Recombinant fusion protein linking human coagulation factor VIIa with human albumin is made of a copy of human factor VIIa, which is attached to albumin, a protein that acts as a carrier. The medicine is expected to work on blood clotting in the same way as human factor VIIa. In the body, factor VIIa is involved in blood clotting. It activates another factor called factor X, which starts the clotting process. By activating factor X, this medicine is expected to control the bleeding disorder in patients who have developed inhibitors to factor VIII because it acts directly on factor X, independently of factor VIII.

Attaching albumin to factor VIIa is expected to decrease the rate at which the factor VIIa is cleared from the body, allowing more time between injections than for medicines that contain only factor VIIa.

The medicine is made by a method known as ‘recombinant DNA technology’: it is made by a cell that has received the human gene (DNA) that makes it able to produce factor VIIa linked to albumin.

What is the stage of development of this medicine?

The effects of this medicine have been evaluated in experimental models.

At the time of submission of the application for orphan designation, no clinical trials with the medicine in patients with haemophilia A had been started.

At the time of submission, this medicine was not authorised anywhere in the EU for haemophilia A or designated as an orphan medicinal product elsewhere for this condition.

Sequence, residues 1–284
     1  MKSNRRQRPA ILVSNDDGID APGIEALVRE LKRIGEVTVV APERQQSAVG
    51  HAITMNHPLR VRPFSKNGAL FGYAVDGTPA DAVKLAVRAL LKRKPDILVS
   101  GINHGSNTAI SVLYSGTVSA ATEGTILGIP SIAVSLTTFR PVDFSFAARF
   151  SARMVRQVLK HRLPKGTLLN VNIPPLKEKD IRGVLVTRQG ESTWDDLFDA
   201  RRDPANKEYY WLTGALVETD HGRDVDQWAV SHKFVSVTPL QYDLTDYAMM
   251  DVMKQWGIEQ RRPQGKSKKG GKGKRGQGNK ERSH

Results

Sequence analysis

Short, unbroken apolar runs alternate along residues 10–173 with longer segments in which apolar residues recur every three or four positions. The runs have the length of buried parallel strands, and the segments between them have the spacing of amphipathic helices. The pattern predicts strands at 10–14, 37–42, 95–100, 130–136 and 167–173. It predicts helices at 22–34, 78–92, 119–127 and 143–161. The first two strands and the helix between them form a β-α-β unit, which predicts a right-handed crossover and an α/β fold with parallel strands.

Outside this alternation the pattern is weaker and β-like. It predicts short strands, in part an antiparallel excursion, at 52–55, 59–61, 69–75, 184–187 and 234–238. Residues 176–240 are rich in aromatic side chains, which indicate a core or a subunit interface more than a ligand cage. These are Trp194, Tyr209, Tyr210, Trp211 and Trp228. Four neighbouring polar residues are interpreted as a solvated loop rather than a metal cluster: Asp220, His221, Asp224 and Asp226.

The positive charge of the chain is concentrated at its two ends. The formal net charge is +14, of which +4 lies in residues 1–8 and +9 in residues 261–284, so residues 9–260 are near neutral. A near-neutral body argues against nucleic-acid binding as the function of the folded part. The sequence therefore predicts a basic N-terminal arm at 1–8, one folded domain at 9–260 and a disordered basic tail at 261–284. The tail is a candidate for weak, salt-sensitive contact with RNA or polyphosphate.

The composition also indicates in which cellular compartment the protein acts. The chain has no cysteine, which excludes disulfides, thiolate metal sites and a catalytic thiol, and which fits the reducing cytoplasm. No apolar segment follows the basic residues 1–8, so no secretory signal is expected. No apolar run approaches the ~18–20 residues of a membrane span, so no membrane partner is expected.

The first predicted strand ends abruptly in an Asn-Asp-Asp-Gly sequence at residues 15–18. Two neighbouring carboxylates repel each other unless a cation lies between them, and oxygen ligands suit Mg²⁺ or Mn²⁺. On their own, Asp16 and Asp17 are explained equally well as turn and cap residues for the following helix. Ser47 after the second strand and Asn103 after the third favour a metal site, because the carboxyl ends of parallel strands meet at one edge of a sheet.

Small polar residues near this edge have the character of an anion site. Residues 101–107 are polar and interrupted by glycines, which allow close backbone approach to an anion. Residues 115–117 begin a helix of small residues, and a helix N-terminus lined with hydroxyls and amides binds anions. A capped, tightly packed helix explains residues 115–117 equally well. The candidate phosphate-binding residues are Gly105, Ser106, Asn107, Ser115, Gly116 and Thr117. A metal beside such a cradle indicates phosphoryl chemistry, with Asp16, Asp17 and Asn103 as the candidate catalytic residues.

In accordance with Regulation (EC) No 141/2000 of 16 December 1999, the COMP adopted a positive opinion on 12 January 2011 recommending the granting of this designation.

Opinions on orphan medicinal product designations are based on the following three criteria:
  • the seriousness of the condition;
  • the existence of alternative methods of diagnosis, prevention or treatment;
  • either the rarity of the condition (affecting not more than 5 in 10,000 people in the EU) or insufficient returns on investment.

Designated orphan medicinal products are products that are still under investigation and are considered for orphan designation on the basis of potential activity. An orphan designation is not a marketing authorisation. As a consequence, demonstration of quality, safety and efficacy is necessary before a product can be granted a marketing authorisation.

Key facts

Product details for <p>Recombinant fusion protein linking human coagulation factor VIIa with human albumin</p>
Active substanceRecombinant fusion protein linking human coagulation factor VIIa with human albumin
Medicine Name
Disease/conditionTreatment of haemophilia A
Date of decision15/04/2011
Orphan decision numberEU/3/11/855

Review of designation

The Committee for Orphan Medicinal Products reviews the orphan designation of a product if it is approved for marketing authorisation.

Sponsor’s contact details:

CSL Behring GmbH
Emil-von-Behring-Str. 76
35041 Marburg
Telephone: +49 6421 3912

Patients’ organisations:

For contact details of patients’ organisations whose activities are targeted at rare diseases see:

  • Orphanet, a database containing information on rare diseases which includes a directory of patients’ organisations registered in Europe.
  • European Organisation for Rare Diseases (EURORDIS), a non-governmental alliance of patient organisations and individuals active in the field of rare diseases.